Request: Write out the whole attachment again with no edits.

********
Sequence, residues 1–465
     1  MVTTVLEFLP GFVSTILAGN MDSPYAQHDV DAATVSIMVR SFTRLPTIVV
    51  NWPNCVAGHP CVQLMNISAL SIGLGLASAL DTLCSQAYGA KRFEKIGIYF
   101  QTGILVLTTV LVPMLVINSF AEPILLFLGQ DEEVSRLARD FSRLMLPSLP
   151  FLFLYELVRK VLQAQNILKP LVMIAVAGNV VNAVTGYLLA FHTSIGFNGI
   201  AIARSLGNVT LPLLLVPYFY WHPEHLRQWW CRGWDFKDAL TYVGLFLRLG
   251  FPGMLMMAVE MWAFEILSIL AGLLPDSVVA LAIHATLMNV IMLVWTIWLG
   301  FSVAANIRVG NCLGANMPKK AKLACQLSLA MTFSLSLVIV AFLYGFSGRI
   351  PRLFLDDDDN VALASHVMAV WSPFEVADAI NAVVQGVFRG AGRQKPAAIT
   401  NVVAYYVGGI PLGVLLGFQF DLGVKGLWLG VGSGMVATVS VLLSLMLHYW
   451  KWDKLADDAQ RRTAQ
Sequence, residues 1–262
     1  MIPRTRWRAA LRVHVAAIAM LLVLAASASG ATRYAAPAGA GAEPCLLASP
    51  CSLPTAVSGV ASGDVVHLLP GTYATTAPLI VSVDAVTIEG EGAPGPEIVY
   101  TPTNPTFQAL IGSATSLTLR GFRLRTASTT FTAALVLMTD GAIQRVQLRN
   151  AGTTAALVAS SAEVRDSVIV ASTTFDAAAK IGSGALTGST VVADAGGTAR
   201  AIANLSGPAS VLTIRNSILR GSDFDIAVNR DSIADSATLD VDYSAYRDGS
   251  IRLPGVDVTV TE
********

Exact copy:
Sequence, residues 1–465
     1  MVTTVLEFLP GFVSTILAGN MDSPYAQHDV DAATVSIMVR SFTRLPTIVV
    51  NWPNCVAGHP CVQLMNISAL SIGLGLASAL DTLCSQAYGA KRFEKIGIYF
   101  QTGILVLTTV LVPMLVINSF AEPILLFLGQ DEEVSRLARD FSRLMLPSLP
   151  FLFLYELVRK VLQAQNILKP LVMIAVAGNV VNAVTGYLLA FHTSIGFNGI
   201  AIARSLGNVT LPLLLVPYFY WHPEHLRQWW CRGWDFKDAL TYVGLFLRLG
   251  FPGMLMMAVE MWAFEILSIL AGLLPDSVVA LAIHATLMNV IMLVWTIWLG
   301  FSVAANIRVG NCLGANMPKK AKLACQLSLA MTFSLSLVIV AFLYGFSGRI
   351  PRLFLDDDDN VALASHVMAV WSPFEVADAI NAVVQGVFRG AGRQKPAAIT
   401  NVVAYYVGGI PLGVLLGFQF DLGVKGLWLG VGSGMVATVS VLLSLMLHYW
   451  KWDKLADDAQ RRTAQ
Sequence, residues 1–262
     1  MIPRTRWRAA LRVHVAAIAM LLVLAASASG ATRYAAPAGA GAEPCLLASP
    51  CSLPTAVSGV ASGDVVHLLP GTYATTAPLI VSVDAVTIEG EGAPGPEIVY
   101  TPTNPTFQAL IGSATSLTLR GFRLRTASTT FTAALVLMTD GAIQRVQLRN
   151  AGTTAALVAS SAEVRDSVIV ASTTFDAAAK IGSGALTGST VVADAGGTAR
   201  AIANLSGPAS VLTIRNSILR GSDFDIAVNR DSIADSATLD VDYSAYRDGS
   251  IRLPGVDVTV TE